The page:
No regrets on feeding you anything since we always cooked well balanced, nutritional meals each night. You really loved most food and weren’t picky. As mentioned, you especially loved vegetables as well as salads.  You would also try everything at least once – I guess you were quite an adventurous foodie from a very young age.  J  Although there are many, one funny story is your quest to eat food from McDonald’s.  Neither Dad nor me were ever fast food lovers (except maybe In N’ Out in recent years) so we didn’t feed fast food to you or your sister if we could avoid it.  We took you girls to nice restaurants with tablecloths from a very young age.  However, you would always see the McDonald’s TV commercials and ask often if we could go there. You wanted the happy meal toys and whenever we would drive by a McDonald’s, you would plead with us to stop there to eat.  Again, since fast food was never a first choice for us, we would always avoid going there. Once when on the road, you girls were hungry and we were stuck in traffic for about an hour and a half with more than hour drive (to a Sacramento family visit) still ahead of us. We had been successful up to that point keeping you girls out of fast food restaurants but we needed to get you girls some food and fast.  The time had come – your first visit to McDonald’s, the place you had been asking about almost since you could talk. LOL.  You were almost 5 years old, Amanda was about 2-1/2.  You girls were telling us how hungry you were and of course asked to eat at McDonald’s.  Dad exited the freeway and as you were asking about going to McDonald’s, he pulled into the lot. I still remember the look on your face when your jaw dropped open and your eyes were open quite wide and you asked, “are we finally going to eat at McDonald’s?”  We told you that it was a special treat day and yes, we were going to McDonald’s, you screamed with joy and had the one of the biggest smiles on your face that I’d ever seen.  J   Your dream finally came true and you girls got your happy meals with chicken nuggets and…the toy!  You hardly ate any of the food as you were both too excited about playing with the toy. You girls never really ate much of the food but always wanted a toy.  Great marketing by McDonald’s because they make their restaurants look like lots of fun with delicious food and a place where kids get toys.  It was really cute to see how excited you were on that first visit although you then really tormented us to eat at McDonald’s whenever we would see them on the road!  However, we still kept visits to Mickey D’s to a minimum and that is still the case to this day.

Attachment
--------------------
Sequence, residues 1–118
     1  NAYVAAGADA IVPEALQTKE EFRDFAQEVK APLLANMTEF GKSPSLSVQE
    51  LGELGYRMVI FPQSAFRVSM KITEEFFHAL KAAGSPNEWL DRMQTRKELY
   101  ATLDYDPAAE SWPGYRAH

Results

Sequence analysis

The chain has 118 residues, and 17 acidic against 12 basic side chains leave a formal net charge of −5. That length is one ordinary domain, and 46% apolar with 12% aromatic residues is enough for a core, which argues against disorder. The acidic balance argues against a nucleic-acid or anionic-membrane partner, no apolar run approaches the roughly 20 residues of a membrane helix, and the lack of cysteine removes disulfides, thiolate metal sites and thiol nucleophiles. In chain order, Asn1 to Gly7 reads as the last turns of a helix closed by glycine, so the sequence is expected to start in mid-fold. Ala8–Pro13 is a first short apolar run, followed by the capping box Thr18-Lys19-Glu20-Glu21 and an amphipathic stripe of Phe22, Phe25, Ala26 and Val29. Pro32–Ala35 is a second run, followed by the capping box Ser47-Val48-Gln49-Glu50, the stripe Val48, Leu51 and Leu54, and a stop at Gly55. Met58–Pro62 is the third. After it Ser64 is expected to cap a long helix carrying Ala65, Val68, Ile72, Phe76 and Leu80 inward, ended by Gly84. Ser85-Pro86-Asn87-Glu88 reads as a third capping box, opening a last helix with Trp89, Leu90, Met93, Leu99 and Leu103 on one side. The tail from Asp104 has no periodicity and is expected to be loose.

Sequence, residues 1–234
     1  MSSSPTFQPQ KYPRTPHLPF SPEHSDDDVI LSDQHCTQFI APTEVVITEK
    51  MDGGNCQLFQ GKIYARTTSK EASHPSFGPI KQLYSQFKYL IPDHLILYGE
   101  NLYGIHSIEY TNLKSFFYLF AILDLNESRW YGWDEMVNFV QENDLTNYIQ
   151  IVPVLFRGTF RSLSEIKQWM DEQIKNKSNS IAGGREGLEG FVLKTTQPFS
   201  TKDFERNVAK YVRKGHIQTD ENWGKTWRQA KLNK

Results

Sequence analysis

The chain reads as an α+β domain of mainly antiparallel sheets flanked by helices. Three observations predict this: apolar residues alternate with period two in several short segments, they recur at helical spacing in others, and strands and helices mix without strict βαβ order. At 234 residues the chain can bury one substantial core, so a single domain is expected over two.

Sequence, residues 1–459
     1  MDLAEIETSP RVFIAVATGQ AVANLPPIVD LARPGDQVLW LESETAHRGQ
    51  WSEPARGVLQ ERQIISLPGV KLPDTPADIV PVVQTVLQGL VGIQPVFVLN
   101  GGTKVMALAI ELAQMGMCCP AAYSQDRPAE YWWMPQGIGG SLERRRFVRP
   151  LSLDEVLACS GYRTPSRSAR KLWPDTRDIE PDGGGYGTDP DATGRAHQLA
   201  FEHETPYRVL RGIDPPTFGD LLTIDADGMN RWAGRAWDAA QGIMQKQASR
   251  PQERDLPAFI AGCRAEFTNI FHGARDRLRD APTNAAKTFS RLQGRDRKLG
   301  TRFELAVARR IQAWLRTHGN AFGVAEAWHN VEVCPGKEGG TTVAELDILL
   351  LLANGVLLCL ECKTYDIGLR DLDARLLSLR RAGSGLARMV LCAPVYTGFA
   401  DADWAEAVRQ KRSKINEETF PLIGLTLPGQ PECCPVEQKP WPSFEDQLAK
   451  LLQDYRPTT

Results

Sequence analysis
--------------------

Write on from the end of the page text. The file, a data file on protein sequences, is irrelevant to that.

What did I love eating as a child?

You really loved fruits, vegetables and salads. In particular you loved tomatoes.  You loved tomatoes so much that if they were left on the counter, you would get the stool to climb up and grab one or two and eat them like it was an apple. We had to keep them out of reach or you would eat too many of them and get a tummy ache.

 Is there a special food that reminds you of me?

Steak with A1 steak sauce!  It’s one of your favorite things to eat and you never tire of having it.

 How would you rate yourself as a cook?

As you know, Dad was a fantastic cook and produced restaurant quality food.  He could make simple delicious dishes as well as gourmet/fancy food too so I would rate him a definite 10 of 10.  Me on the other hand, I’m a good cook but not so fancy.  I cook more traditional comfort food dishes like fried chicken with mashed potatoes or one of your favorite meals, cube steak with gravy, rice and cabbage cooked with bacon or maybe teriyaki chicken and shrimp fried rice.  I would rate myself a 7 out of 10.

 Have you ever had any kitchen disasters? (Or did Dad?)

I wouldn’t say that either of us ever really had kitchen disasters but we both have overcooked/burned dishes.  This usually comes from leaving the kitchen and not standing over what you are cooking.  Time goes by very quickly when cooking and if you get busy doing something else, the food continues cooking…and can easily burn.

 What do you hope I’ll cook when I have my own family?